Several years ago I turned to a friend who was riding in my car and asked her, "What do you like about yourself?" We rode in silence for several minutes. Finally, she turned to me and said, apologetically, "I can't think of anything."
I was stunned. My friend is intelligent, charming, and compassionate—yet she couldn't see any of that.
I know she's not alone. Low self-esteem has become the number-one issue plaguing Christian women. Despite God's assurance that he's absolutely crazy about us, most of us can't believe he means us. It's like the cynical editor who tells the cub reporter, "If your mother says she loves you, check it out."
Check Out Your Sources
I was a reporter for 12 years. One of the first things I learned in researching a story was "garbage in, garbage out." If your raw data is flawed, you end up with a faulty conclusion. The same is true with how we see ourselves. If we lack self-confidence, maybe we're working with flawed data.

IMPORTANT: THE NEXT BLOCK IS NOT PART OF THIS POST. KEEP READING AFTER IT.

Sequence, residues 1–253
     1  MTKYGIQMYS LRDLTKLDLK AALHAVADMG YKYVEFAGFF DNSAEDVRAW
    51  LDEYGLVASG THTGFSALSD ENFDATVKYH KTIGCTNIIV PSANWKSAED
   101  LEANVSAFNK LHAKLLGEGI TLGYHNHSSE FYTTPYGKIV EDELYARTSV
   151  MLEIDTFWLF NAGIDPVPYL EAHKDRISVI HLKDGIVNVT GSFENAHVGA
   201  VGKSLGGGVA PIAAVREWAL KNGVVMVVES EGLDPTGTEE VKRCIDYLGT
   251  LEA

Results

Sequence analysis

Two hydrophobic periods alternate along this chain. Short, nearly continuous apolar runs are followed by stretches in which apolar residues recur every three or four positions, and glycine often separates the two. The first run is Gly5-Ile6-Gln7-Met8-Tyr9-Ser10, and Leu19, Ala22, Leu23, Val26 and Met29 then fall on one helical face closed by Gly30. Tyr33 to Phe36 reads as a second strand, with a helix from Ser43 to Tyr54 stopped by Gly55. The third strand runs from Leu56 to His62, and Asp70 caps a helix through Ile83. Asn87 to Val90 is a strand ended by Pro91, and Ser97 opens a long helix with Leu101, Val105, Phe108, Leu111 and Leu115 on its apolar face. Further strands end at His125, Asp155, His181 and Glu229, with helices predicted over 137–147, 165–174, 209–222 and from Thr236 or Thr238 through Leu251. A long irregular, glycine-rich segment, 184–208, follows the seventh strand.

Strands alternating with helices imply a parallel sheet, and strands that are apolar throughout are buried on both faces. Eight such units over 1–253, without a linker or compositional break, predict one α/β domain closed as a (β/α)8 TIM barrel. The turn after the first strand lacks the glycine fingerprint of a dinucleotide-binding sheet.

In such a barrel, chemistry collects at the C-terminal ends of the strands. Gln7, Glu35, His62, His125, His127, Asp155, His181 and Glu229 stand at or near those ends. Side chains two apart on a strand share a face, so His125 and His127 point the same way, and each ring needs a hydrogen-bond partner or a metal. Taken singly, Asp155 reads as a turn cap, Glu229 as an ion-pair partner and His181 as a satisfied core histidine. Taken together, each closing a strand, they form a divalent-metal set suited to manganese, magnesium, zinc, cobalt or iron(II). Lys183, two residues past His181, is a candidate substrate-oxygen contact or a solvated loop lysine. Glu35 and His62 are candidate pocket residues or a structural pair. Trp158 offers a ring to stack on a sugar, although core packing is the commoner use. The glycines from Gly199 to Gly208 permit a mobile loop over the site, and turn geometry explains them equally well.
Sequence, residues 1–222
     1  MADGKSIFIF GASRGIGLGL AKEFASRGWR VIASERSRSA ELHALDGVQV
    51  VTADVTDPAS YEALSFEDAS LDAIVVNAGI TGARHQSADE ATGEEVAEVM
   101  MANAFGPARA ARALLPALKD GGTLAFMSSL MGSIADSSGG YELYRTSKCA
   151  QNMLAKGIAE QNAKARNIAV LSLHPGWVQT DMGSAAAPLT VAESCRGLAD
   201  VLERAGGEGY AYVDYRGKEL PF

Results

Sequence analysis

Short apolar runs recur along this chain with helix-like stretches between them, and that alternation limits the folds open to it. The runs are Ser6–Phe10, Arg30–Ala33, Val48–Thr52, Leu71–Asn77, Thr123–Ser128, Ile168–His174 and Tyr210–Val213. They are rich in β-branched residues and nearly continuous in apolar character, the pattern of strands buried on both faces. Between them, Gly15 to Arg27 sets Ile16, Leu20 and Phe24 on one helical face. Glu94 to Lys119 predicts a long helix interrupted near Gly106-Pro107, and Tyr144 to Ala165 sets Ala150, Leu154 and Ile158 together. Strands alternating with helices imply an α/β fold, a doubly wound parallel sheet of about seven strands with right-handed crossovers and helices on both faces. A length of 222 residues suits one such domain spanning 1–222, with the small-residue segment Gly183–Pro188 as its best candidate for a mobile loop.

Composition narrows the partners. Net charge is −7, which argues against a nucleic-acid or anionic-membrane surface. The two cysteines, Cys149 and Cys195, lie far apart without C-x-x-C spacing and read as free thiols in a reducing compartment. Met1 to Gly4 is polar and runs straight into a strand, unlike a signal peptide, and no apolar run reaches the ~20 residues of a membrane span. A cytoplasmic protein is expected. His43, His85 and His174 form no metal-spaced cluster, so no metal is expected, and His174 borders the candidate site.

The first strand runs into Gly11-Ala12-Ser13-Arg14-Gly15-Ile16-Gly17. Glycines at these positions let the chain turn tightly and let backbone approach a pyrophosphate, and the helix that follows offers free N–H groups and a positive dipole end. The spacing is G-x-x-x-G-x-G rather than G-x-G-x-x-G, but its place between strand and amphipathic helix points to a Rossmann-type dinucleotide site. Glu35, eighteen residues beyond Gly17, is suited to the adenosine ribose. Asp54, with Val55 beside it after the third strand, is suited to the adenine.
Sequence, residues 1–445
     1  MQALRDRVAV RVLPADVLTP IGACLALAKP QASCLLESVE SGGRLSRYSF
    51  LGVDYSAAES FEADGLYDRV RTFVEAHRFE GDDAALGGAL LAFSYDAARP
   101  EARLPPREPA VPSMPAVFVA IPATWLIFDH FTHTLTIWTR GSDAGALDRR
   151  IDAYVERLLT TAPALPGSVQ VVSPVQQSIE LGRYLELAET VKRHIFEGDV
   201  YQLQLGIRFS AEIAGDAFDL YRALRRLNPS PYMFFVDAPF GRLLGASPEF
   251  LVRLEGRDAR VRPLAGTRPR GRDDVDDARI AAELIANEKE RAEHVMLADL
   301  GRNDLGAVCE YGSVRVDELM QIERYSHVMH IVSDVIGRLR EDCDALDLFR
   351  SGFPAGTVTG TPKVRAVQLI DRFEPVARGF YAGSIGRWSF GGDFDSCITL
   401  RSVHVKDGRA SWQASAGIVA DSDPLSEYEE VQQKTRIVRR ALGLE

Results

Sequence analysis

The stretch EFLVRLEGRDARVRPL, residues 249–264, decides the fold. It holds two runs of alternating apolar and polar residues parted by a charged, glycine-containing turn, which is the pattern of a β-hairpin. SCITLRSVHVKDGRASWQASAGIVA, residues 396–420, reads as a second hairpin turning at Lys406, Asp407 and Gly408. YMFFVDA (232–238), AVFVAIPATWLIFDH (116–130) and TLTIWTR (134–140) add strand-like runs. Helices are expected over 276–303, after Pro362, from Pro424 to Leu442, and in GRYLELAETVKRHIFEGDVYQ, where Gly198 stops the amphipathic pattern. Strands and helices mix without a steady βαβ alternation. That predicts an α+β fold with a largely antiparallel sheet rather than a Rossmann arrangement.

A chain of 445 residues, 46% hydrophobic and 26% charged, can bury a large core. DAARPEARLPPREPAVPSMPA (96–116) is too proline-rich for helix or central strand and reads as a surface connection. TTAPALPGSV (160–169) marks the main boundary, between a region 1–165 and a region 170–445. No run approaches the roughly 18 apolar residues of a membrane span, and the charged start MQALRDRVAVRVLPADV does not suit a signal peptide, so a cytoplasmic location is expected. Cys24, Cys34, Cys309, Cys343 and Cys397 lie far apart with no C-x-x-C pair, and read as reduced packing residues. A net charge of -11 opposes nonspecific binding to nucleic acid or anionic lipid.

The reality is, in hundreds of subtle ways, our culture, family, friends—even our thought life—conspire to undermine our confidence. We grow up in families void of affirmation, encouragement, and respect—the building blocks to self-confidence. Then we find ourselves smack dab in the middle of a world that lionizes Size Two Hollywood starlets and Barbie-doll figures. Our paycheck, our title, our designer labels, or some other artificial yardstick gives us temporary entree into the world of The Accepted. But in our hearts, we know it isn't real. How do we find our way to the truth?1